Vestamide® L2140 (PA 12 U) was replaced with Vestamide® LX9013 (highly plasticized PA 12, (PA 12 P)).Tubing was produced as in Example 5. The adhesion between the two layers (PPA Formulation Example 2 and PA 12 P) as tested in the manor described above was excellent. The layers did not separate.

Example 8 Three Layer coextrusion of PPA (L1)/PA 6 (L2)/PPA (L1)

The trial was started with HDPE in the inner layer (1) and Grilon® F50 PA6 in the middle layer (2) and HDPE in the outer layer (3) The intermediate temperature of 280° C. was used for adjusting the die settings. Both materials extruded well at this temperature and a nice tube was produced. No adhesion between the PA 6 and the PE was observed.

After raising the temperatures of the HDPE in the inner layer (1) and the outer layer (3), PPA (Formulation Example 2) was introduced. A three layer construction was obtained. Adhesion between the three layers (L1=PPA Formulation 2; L2=PA 6; L3=PPA Formulation Example 2) of the co-extruded tubing as tested in the manor described above showed excellent adhesion. The layers did not separate.

As described herein, in certain embodiments of the present invention, the hollow body comprises a monolayer structure of the L1 composition. As used herein, a “monolayer” is formed from single layer of a polymer composition wherein the polymer composition is substantially the same across the entire thickness of the layer. In certain embodiments of the present invention, the thickness of the monolayer can range from about 500 microns to about 12.5 mm. In certain embodiments of the present invention, the monolayer thickness ranges from about 750 microns to about 7 mm.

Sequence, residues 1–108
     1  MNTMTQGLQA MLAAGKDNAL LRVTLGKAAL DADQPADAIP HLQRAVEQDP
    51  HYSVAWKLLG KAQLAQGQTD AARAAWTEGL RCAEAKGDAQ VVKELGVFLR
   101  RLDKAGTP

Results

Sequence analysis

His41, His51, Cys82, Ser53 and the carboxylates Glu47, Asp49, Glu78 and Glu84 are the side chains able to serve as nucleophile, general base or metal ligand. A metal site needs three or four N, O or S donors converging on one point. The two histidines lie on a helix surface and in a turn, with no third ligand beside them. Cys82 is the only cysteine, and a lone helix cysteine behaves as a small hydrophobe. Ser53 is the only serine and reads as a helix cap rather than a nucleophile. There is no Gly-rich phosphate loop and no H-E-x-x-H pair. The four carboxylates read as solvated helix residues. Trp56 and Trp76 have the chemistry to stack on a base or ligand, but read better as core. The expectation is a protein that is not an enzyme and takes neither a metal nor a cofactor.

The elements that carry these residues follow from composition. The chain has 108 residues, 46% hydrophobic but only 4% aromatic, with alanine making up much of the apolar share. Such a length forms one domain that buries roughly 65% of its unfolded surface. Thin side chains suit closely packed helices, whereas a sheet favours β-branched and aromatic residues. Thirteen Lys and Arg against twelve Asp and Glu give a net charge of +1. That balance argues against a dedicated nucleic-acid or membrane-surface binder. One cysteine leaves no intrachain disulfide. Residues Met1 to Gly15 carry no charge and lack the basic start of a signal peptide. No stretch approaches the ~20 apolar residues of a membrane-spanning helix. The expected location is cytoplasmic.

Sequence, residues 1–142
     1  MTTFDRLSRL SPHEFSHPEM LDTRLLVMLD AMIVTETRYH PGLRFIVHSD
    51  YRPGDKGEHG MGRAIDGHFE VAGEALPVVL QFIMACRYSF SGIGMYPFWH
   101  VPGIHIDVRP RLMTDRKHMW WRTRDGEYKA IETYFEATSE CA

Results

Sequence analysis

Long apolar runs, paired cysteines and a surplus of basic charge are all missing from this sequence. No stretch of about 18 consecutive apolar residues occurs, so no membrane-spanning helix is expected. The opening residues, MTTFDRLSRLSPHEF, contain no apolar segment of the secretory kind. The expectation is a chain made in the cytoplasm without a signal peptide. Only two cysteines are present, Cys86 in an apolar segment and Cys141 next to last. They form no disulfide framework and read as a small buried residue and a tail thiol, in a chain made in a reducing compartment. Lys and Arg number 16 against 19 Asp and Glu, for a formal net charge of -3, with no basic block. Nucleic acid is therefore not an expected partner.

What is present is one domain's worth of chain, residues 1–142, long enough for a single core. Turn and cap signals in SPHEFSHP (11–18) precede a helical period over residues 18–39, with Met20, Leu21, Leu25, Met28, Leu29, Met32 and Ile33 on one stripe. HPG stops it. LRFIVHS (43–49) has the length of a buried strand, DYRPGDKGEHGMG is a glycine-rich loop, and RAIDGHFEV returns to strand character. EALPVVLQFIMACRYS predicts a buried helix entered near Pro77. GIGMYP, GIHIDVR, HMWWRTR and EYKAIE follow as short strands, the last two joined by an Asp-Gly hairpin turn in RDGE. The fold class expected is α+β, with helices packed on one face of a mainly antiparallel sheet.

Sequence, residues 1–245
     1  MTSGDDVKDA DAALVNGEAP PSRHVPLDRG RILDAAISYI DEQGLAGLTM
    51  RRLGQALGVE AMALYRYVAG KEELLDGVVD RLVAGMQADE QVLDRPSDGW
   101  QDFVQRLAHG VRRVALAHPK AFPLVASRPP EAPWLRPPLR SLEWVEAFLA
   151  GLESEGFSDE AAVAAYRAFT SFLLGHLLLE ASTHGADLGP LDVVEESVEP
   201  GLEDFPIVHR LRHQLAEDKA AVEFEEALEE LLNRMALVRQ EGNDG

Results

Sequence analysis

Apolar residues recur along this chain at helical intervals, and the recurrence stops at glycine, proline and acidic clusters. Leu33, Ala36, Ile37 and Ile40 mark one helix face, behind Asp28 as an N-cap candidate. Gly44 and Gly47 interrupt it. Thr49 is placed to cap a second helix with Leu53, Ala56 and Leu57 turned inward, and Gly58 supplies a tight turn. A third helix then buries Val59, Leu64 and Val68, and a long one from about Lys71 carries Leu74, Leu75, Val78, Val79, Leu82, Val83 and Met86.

The hollow bodies of the invention can be used in any number of articles of manufacture, machines, etc, such as fossil fuel powered motor devices, etc. Fossil fuel powered motor devices, as used herein, include motor vehicles such as automobiles, motorcycles, buses, and trucks, aircraft, watercraft, recreational vehicles, and agricultural and industrial equipment. The hollow bodies can have surfaces that are rough, smooth, corrugated, etc. that are of a constant thickness throughout or a variable thickness, etc. In addition, the invention hollow bodies can be used to enclose or encapsulate a content, and the content can vary widely. For example, the hollow body of the invention can be used as a cable protection system. In this regard the invention is also disclosed as actually containing or holding its intended content - for example, the invention describes and enables a hollow body in the form of a fuel line, said fuel line optionally comprising fuel.

The above written description of the invention provides a manner and process of making and using it such that any person skilled in this art is enabled to make and use the same, this enablement being provided in particular for the subject matter of the appended claims, which make up a part of the original description and including a hollow body comprising, as sole layers,

(1) at least one layer L1 comprising an aromatic polyamide and an impact modifier, and, optionally,

(2) at least one layer L2 comprising an aliphatic polyamide.